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^ That's funny. The forum's profanity filter won’t let me name one of the world’s premier bearing manufacturers :rolleyes:

If you’re interested, it’s three letters: the first is ‘F’, the last is ‘G’, and the one in the middle is ‘A’ :ROFLMAO:
You mean FĄG?
 

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Not sure how this thread eluded me when I've been on the forum but kudos to you Duane for putting out an excellent, informative thread. This could just be my imagination but I have seen in recent threads that you seemed to be trying to bust some balls so, if that was the case, it's only fitting that you are also informing us on how to replace them. 😝

I have had good success with the All Balls bearings. However, I did have one that went bad. Around 40k miles I put a set in when replacing the front tire and when I replaced that tire around 7500 miles later I found the right bearing needed to be replaced. It was during this time that I found out I had installed the right bearing incorrectly. Duane does a perfect job in post #21 explaining how to properly install the bearings. I didn't follow that procedure on my first try and ended up putting side thrust on the right bearing when I installed it. I did follow those guidelines the second time and the bearings (All Balls) were still good when I replaced them (preventive maintenance) about 45K miles later.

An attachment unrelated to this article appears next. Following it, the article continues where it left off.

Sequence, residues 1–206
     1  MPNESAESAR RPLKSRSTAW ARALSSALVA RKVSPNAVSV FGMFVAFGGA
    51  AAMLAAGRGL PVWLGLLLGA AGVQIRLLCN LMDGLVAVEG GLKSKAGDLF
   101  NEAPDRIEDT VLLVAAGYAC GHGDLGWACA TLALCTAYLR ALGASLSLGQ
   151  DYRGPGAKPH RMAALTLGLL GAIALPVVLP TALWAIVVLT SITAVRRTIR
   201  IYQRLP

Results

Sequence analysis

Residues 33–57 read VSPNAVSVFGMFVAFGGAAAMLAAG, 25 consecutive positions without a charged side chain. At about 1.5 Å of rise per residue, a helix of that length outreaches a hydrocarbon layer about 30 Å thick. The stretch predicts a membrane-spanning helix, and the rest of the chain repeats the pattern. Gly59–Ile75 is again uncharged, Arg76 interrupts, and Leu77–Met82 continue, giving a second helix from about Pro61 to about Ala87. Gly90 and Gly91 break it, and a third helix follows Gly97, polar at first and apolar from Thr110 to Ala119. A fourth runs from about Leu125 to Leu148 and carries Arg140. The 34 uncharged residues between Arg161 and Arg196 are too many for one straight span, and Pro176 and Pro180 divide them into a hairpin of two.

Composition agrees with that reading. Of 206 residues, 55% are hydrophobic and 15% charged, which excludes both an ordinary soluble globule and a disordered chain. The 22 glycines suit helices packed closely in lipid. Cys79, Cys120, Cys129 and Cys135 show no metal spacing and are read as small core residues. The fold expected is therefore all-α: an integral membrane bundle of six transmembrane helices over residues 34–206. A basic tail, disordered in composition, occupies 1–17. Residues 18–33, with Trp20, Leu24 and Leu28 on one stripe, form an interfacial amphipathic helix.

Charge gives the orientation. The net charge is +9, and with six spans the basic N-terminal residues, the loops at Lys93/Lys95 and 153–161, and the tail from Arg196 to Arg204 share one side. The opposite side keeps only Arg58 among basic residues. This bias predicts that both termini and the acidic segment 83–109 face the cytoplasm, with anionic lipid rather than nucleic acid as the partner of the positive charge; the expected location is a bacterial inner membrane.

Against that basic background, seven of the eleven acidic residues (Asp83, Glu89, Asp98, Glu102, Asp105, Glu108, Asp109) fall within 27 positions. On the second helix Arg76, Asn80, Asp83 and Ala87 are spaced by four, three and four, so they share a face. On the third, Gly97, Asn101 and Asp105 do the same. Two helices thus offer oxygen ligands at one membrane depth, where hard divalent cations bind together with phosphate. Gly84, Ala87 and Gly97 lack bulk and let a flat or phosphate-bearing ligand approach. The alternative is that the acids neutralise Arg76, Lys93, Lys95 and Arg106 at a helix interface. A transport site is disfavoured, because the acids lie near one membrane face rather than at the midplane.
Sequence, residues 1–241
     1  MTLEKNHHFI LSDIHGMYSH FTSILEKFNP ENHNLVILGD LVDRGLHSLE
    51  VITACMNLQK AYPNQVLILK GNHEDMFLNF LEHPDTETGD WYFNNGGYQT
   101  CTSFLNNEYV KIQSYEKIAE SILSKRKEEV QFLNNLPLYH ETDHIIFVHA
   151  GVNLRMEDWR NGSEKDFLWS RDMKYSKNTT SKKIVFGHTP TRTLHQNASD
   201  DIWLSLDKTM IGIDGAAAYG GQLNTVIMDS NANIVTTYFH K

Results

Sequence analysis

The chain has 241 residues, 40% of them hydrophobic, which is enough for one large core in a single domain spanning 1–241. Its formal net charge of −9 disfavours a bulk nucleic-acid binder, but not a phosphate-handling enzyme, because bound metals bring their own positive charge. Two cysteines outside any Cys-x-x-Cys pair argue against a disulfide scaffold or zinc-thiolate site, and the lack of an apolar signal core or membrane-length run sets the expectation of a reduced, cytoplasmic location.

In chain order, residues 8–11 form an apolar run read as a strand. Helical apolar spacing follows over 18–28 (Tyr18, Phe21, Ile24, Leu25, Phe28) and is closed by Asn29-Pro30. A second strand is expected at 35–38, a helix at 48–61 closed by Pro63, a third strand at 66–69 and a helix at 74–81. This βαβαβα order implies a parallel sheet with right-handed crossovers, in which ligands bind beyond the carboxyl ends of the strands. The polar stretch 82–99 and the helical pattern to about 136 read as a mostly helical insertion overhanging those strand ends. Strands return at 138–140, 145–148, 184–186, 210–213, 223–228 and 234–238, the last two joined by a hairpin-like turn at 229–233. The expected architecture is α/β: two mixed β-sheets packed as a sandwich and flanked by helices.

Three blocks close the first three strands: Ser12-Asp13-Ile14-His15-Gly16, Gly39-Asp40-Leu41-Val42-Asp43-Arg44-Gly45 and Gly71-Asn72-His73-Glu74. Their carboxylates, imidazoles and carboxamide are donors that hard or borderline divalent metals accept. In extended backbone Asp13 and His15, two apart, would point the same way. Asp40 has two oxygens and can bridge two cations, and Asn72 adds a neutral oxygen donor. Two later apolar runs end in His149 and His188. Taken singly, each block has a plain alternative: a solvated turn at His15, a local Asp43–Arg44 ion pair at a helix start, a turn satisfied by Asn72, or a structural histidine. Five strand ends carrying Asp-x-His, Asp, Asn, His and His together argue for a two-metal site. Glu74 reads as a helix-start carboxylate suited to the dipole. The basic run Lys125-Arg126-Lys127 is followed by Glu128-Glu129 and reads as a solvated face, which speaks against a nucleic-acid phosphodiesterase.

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With the current stay at home order during the CORVID-19, I decided to replace my front wheel bearings because I am at 52K and I am installing new tires as well. The install went smooth, the attached pic is of my tools for the job, I used the Motion Pro 25MM split collet removal tool with the MP long driver to remove the bearings and made a couple of driver tools on my lathe for installing the new bearings, shown in the attached pic. I used all balls bearings. My only question is the stock bearings (which were still smooth) say they are made in POLAND, so is a Polish bearing better than the All Balls bearings made in CHINA ?
IMG_2950.jpg
 

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This should be on the shop's routine maintenance list... My front bearings went out at 75 mph 50 miles East of Memphis TN on the Interstate. Fortunately, my riding mate was able to immediately clear a lane to the shoulder where I was able to safely roll to a stop. I was at 75k miles on the odometer. After getting a tow into Performance Plus BMW Motorcycles of Memphis, they had me back on the road within an hour. Great guys...Great shop...very grateful for their assistance.
 

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My bike was purchased late last year. 4000km right now. Changing tires due to picking up a sheet metal screw. I took off the front wheel and the bearing was near seized. Thinking the factory or dealership over torqued. Took to my dealership and they replaced it under warranty.
Good thing I had done this or it probably would have failed on a trip far from home. You just never know..